OBJECTIVE: To assess the use of cod-liver oil supplements among Norwegian women and to examine dietary, lifestyle, demographic, and health factors associated with use of this supplement. DESIGN: Cross-sectional study. SETTING AND SUBJECTS: The study is based on data from a food frequency questionnaire from 1998 answered by 37,226 women aged 41-55 y, who in 1991/1992 participated in the Norwegian component of the European Prospective Investigation into Cancer and Nutrition (EPIC). The Norwegian EPIC cohort was based on a random nation-wide sample of Norwegian women. RESULTS: Cod-liver oil supplement use was reported by 44.7% of the participating women. Subjects with higher education, high physical activity level, and body mass index (BMI) in the normal range were more likely to use cod-liver oil supplements. Consumption did also increase with increased age as well as with increased reported consumption of fruits, vegetables, fatty fish, lean fish, and vitamin D (excluding the vitamin D contribution from cod-liver oil). Energy intake was higher among cod-liver oil users than nonusers. Whole-year daily users of cod-liver oil were also more likely to take other dietary supplements (OR=2.45, 95% CI: 2.28-2.62). Never smokers were more likely to use cod-liver oil supplements than current smokers. CONCLUSION: Use of cod-liver oil is associated with several sociodemographic factors, self-reported health issues, and intake of fish, fruit, and vegetables. When assessing the relationship between cod-liver oil use and occurrence of chronic diseases potential confounders need to be considered. Cod-liver oil use seemed not to be matched with vitamin D needs. Thus, emphasis on assessing vitamin D status by measuring levels in blood should be investigated further, in particular, among people living in northern latitudes.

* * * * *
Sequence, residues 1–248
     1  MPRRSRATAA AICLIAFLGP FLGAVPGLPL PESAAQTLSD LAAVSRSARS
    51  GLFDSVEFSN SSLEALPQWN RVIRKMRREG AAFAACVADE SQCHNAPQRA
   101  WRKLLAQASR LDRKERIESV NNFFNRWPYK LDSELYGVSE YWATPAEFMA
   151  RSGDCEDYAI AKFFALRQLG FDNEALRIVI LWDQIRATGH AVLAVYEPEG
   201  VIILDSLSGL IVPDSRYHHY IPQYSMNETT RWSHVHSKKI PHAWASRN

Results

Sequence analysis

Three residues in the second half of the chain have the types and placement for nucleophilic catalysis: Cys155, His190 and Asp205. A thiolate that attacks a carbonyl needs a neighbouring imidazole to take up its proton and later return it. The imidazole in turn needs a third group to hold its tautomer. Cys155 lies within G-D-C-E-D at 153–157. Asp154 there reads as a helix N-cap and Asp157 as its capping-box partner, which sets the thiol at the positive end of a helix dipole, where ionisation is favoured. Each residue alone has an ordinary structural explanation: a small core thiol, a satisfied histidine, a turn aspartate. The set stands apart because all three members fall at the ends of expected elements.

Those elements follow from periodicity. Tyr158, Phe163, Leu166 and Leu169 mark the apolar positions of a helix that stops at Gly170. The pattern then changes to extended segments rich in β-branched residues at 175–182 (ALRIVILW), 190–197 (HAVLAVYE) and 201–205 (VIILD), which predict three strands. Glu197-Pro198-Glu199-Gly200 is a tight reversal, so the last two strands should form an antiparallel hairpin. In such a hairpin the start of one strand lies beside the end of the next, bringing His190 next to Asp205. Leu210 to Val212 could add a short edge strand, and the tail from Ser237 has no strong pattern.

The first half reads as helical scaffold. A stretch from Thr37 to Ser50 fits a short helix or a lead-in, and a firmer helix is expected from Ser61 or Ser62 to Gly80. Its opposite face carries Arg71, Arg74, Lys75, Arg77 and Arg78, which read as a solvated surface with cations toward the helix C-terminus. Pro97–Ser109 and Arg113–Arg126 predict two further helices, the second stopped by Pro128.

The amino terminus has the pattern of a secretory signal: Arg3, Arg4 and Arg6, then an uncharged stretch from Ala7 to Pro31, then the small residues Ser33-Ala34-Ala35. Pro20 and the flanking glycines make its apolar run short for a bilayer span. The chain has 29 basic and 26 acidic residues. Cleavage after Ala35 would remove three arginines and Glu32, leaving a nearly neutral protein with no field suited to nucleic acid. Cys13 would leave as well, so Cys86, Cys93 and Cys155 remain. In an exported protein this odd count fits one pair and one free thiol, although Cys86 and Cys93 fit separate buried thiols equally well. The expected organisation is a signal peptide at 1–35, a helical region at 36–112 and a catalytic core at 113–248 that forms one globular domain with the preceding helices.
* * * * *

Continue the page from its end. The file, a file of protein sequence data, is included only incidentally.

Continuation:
OBJECTIVE: To assess vitamin D status and the impact of three fish meals consisting of cod liver and fresh cod-liver oil on the plasma level of vitamin D metabolites in an area with high consumption of cod liver and cod-liver oil. DESIGN: Experimental field study. METHODS: Thirty-two volunteers from the Skjervøy (70 degrees N) municipality in northern Norway were recruited to consume three traditional mølje meals, consisting of cod, cod liver, fresh cod-liver oil and hard roe, in one week. The liver and fresh cod-liver oil consumed by the participants were weighed and recorded. Blood samples were collected before the first meal, and subsequently 12 h and 4 days after the last meal. The blood samples were analysed for the vitamin D metabolites 25-hydroxyvitamin D (25(OH)D) and 1,25-dihydroxyvitamin D (1,25(OH)2D). All participants answered a semi-quantitative food-frequency questionnaire, which was used to estimate usual daily nutrient intake. The study was carried out in the last part of March 2001. RESULTS: The median daily vitamin D intake estimated from the questionnaire was 9.9 microg. The proportion of subjects with baseline 25(OH)D level below 50 nmol l(-1) was 15.4% and none were below 37.5 nmol l(-1). Only "mølje consumption" and "time spent in daylight" were significantly associated with baseline log 25(OH)D. The mean total intake of vitamin D in the three servings was 272 microg (standard deviation 94 microg), ranging from 142 to 434 microg. Relative to baseline plasma concentration, the mean level of 25(OH)D decreased slightly in both post-consumption samples (P